Massage Risks


Massage Risks

Know the Risks of Getting a Massage for Osteoporosis

Of all the types of massage, which one is absolutely contraindicated if you have osteoporosis?

It would be barefoot massage. Barefoot massage is a type of massage that puts the most pressure on the body with compression forces. Even if a massage therapist is only 5 feet tall and weighs 90 pounds, if you have osteoporosis, your bones are not strong enough to withstand this amount of pressure.

Remember, if someone has brittle bones, something as simple as opening a window may be enough to break a bone. And that’s a lot less force than the forces of someone using their feet to massage your back!

Can You Have a Massage If You Have Osteoporosis?

You can have a massage when you have osteoporosis; it simply has to be a light massage, and that’s all. You could still have a Swedish massage as long as you inform the massage therapist that you have osteoporosis; she’ll use a very light touch. She will also make sure that you are well lubricated so her hands glide over your skin.

Any other types of massage where the practitioner is digging in their fingertips to press out trigger points are also massage methods that you should not have until your bones strengthen. For example, even a chair massage may be too rough for your bones to handle. A chair massage is where you sit in a chair and the top of your neck and back are massaged.

Sports massage is also too deep for you, as it includes trigger point therapy. Thai massage doesn’t use force but it does put your body in stretching positions that may overtax the limits of your bones at this point in time. Myofascial release massage is still a bit too much for you, although some of these types of massage may be modified to meet the needs of someone with osteoporosis. That’s why it’s a good idea to check with your massage therapist first. Since she has no intention of breaking any of your bones (or the desire for a lawsuit), she will be straight with you.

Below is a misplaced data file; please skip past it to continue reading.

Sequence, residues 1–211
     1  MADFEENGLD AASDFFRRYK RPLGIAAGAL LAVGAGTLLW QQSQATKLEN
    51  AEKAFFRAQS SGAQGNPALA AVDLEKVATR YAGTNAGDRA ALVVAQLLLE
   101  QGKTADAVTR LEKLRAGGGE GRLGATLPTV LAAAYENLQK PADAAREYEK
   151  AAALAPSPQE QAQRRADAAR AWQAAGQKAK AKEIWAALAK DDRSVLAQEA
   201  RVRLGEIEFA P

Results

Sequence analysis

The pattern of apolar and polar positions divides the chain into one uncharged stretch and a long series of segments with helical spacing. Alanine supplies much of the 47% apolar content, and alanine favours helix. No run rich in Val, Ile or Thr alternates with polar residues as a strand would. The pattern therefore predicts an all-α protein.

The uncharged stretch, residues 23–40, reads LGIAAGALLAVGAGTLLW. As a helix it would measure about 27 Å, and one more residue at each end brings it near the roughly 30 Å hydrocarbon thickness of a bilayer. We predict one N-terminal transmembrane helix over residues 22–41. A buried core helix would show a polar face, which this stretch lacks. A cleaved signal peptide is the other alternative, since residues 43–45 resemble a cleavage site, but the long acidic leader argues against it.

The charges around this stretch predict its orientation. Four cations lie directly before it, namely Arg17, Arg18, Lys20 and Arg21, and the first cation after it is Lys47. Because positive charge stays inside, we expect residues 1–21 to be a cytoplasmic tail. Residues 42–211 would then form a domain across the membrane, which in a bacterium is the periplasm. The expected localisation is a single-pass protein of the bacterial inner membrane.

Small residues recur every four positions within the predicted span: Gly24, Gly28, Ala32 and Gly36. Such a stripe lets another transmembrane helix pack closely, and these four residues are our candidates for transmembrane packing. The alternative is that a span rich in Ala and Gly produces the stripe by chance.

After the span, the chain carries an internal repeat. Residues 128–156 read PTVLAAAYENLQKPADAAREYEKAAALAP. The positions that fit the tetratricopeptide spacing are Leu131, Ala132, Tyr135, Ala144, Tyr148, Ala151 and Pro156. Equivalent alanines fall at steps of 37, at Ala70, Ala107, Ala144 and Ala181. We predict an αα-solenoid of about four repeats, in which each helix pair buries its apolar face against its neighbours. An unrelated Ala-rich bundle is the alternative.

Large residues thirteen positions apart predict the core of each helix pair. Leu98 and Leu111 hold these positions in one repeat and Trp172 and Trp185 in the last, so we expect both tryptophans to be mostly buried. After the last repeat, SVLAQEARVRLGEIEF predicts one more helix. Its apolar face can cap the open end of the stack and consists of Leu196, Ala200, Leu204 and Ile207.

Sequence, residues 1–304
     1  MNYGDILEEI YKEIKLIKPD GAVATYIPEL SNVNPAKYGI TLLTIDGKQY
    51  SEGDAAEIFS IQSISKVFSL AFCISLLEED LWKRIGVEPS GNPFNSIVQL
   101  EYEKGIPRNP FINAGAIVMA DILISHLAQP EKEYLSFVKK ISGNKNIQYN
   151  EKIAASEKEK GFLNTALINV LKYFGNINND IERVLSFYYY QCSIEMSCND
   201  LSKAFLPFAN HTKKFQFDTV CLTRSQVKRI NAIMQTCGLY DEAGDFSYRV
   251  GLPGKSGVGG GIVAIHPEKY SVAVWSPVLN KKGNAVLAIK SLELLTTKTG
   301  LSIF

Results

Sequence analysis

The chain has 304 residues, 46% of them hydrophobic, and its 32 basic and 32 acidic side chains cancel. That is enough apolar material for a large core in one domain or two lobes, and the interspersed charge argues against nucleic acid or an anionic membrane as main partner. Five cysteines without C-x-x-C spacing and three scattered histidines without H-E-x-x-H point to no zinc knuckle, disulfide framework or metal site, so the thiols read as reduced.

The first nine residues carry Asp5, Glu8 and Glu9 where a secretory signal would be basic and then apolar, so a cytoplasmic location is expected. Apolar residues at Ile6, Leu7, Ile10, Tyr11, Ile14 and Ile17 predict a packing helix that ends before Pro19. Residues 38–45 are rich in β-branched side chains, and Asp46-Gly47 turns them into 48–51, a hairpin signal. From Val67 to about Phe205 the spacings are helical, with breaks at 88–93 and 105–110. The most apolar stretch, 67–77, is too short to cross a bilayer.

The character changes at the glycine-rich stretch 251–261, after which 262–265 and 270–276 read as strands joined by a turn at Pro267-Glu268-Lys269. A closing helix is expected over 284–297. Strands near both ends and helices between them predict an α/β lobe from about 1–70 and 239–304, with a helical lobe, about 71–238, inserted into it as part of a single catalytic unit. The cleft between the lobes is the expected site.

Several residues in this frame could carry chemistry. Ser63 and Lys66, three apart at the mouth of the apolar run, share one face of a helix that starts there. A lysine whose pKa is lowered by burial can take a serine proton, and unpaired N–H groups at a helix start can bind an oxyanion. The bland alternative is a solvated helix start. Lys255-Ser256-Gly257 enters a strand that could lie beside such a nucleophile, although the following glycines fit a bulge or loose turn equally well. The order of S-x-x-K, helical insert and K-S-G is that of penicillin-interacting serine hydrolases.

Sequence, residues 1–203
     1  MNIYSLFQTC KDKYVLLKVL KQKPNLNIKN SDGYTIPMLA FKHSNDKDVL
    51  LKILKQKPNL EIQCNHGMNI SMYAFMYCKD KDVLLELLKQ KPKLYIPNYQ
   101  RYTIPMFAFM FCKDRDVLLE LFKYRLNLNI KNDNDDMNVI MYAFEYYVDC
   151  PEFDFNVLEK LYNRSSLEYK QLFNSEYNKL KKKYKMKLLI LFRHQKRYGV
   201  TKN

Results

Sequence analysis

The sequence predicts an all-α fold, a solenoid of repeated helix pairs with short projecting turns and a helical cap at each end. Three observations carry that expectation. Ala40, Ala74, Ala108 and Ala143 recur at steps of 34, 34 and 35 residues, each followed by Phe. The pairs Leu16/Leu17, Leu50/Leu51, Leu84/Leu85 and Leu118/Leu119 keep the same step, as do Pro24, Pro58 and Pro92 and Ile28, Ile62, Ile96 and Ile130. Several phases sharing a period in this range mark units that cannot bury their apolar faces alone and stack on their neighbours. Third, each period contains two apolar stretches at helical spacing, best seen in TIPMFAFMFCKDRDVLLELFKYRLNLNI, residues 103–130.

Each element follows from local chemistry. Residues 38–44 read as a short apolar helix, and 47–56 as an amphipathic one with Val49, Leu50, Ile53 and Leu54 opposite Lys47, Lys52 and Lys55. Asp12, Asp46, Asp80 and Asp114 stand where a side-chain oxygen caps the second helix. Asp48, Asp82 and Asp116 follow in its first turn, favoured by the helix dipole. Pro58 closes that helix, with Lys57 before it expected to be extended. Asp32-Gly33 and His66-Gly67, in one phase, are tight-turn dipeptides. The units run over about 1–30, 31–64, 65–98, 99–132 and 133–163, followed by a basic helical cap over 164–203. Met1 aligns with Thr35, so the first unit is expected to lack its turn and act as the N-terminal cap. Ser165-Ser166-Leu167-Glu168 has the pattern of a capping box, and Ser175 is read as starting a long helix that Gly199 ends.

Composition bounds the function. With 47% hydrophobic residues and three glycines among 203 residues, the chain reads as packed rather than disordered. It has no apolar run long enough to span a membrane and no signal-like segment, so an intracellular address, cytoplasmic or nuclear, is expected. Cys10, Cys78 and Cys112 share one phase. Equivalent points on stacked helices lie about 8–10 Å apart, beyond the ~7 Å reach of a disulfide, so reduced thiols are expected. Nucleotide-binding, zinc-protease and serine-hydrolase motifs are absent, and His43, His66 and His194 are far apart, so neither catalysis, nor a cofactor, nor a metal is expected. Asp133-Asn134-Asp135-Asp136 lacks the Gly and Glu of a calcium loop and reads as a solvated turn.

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Guidelines to Follow Before Your Massage Appointment

Now when you do get ready to go for your massage, do follow these guidelines:

  1. If you can download the forms to fill out prior to your scheduled appointment, you may save more time for massage at the appointment.
  2. Drink plenty of water for two days before and after your appointment. Water facilitates an easier and greater detoxification.
  3. Don’t schedule anything for the rest of your day after your appointment. If you have a lot of things to do, schedule your massage at the end of your day.
  4. Take a shower prior to your appointment. The effects of a massage for osteoporosis last longer if you can leave the oils on your skin for a longer period of time, say 10 hours.
  5. If you relax a bit before you go in, your body will more quickly relax during your massage and you will experience greater relaxation. Greater relaxation means more benefits.

Now you’re ready to pick up the phone and call your new massage therapist. Ask your friends for a referral; however, remember that they may like deep work and ‘digging’ in to press out trigger points, which you can’t have. Keep looking for the best one that fits your needs.

Up next:
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Can Antioxidants Help Fight Osteoporosis?

Studies reveal that antioxidant-rich diet can potentially aid the body in its fight against bone destruction. Read here about osteoporosis and antioxidants.
95 found this helpfulby Sally Phillips on September 29, 2017
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